"The Mighty 3" - Tyler Seaman

This gallery is an observation on the derivation of Roman Mythology from Greek Mythology, featuring the 3 brother gods, the most well known and the mightiest in both cultures. The pieces featured will compare the likenesses and differences of the 3 gods dependent upon the cultures own respective views of them.

Zeus, the Greek god of lightning, was the god of lightning. Here we see a statue of him, made out of an onyx-like material, standing and looking down with his hand holding an invisible object. This accentuates the view of Zeus as a god, as he is seemingly looking down angrily and appearing to be readying a bolt of lightning to bring forth his wrath.
Zeus also had a gentle and nurturing side. Limiting his involvement with "mortal affairs" to a bare minimum, he would often take form as a hawk or eagle and roam the earth so as to not be detected. Here, we see Zeus himself standing and looking down with a somber face while a hawk sits next to him. This could be a representation of Zeus wishing he could offer divine intervention to a mortal affair, but could not due to his oath to remain neutral.
The Greek god of the underworld, Hades, was brother to Zeus and antithesis to Zeus' character. He believed the mortals were meant to be ruled rather than observed by the gods. Hades, a creature of impulse and desire, would often indulge in affairs considered "evil." This is what we see in this piece, Hades is abducting a mortal woman with the goal of raping her.
Hades' methods were considered unethical by the other gods, especially by Zeus and their other brother god Poseidon, god of the sea. Here we see an altercation between Poseidon and Hades, seemingly at an impasse of decision or some form on confrontation due to, upon assumption, one of Hades' schemes.
Poseidon was indifferent to either brother's views on humanity, but instead immersed himself in his love of the ocean. To incur Poseidon's wrath, one only needed to offer disrespect to the sea or any of its creatures. Here, we see Poseidon striking down a mortal in the water, most likely due to the mortal's act of polluting the ocean.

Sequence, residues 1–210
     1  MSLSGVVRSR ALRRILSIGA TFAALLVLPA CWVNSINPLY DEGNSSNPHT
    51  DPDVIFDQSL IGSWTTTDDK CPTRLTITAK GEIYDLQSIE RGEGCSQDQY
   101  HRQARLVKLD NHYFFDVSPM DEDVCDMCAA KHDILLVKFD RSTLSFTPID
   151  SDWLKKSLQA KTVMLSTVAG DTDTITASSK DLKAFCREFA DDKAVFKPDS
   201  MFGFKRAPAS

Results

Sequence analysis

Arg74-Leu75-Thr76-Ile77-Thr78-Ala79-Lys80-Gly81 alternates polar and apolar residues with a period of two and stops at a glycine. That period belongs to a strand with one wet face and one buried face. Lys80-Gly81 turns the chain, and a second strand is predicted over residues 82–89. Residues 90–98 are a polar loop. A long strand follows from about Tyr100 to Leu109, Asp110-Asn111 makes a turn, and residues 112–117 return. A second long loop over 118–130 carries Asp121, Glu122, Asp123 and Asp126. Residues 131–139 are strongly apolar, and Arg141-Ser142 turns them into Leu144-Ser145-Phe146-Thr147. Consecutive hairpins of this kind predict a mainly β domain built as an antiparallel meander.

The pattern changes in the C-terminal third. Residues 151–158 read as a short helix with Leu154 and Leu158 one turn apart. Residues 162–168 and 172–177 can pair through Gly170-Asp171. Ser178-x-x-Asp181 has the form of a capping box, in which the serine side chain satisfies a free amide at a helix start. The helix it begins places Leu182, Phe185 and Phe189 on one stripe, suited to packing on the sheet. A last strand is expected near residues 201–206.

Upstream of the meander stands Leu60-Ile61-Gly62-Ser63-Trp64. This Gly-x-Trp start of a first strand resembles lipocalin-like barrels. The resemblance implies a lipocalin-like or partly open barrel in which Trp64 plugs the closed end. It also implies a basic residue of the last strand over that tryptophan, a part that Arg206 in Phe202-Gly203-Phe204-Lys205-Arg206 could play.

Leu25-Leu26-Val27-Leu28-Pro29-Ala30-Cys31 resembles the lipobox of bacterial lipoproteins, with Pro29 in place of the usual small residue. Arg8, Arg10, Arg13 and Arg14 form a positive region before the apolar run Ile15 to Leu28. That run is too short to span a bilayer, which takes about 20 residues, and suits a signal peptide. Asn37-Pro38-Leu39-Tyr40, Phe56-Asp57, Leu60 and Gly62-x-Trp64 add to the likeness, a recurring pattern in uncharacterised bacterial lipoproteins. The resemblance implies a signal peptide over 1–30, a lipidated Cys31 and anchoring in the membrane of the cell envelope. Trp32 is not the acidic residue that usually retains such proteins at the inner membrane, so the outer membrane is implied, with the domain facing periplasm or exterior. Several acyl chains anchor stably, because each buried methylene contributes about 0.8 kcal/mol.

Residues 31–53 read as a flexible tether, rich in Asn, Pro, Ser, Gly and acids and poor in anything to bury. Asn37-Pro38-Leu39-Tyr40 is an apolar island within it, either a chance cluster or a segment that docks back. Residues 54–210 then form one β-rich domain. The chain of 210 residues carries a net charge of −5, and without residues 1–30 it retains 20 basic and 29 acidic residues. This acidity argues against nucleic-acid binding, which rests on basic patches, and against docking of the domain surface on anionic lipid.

Poseidon, like the other gods, enjoyed acts of the flesh with mortals. However, he took a monogamous liking to Ampitrite, a mortal woman depicted as Poseidon's true love. Here, we see Poseidon and Amphitrite together in a romantic setting, with Poseidon riding a water horse (symbolizing his divine status) and other mortal men carrying Amphitrite on a giant shell as a sign of respect for Poseidon's unofficial "queen."
The Roman derivation of Zeus is the god Jupiter. In Roman culture he is also the god of the sky and lightning, and also ruler of Olympus. Here we see a bronze statue of Jupiter standing confidently with a torch in his hand and a hawk by his feet. The torch symbolizes his call for attention, being the most highly revered of the gods, and the hawk represents his form taken when appearing to the mortals.
This statue of Jupiter still reveals him in a regal light. In Roman culture, the leader of the gods seems to be more pompous and arrogant, constantly demanding attention and tribute. Here we see him sitting upon a throne with a staff in his hand and, as usual, his hawk form is by his feet waiting to be a vessel for his journey to the mortal world.
Pluto, the Roman derivation of Hades and god of the underworld, is almost a carbon copy of his Greek counterpart. Seeking to rule the mortals with an iron fist and giving in to lustful desires, in this statue we see Pluto abducting Prosperpine (the Roman goddess of mysteries) to indulge in his lust while her humble handmaiden attempts to dissuade Pluto from doing so.
The Roman equivalent of Poseidon is the Roman god Neptune. The god of the sea, Neptune was charged with the presiding over the mortal realm (with Jupiter presiding over heaven and Pluto presiding over the Underworld). Here, we see Neptune standing on a rock covered in seaweed while surrounded by sea nymphs, dolphins, fish and serpents. This was most likely meant to accentuate his status as god of the sea and to show that he was revered as such.
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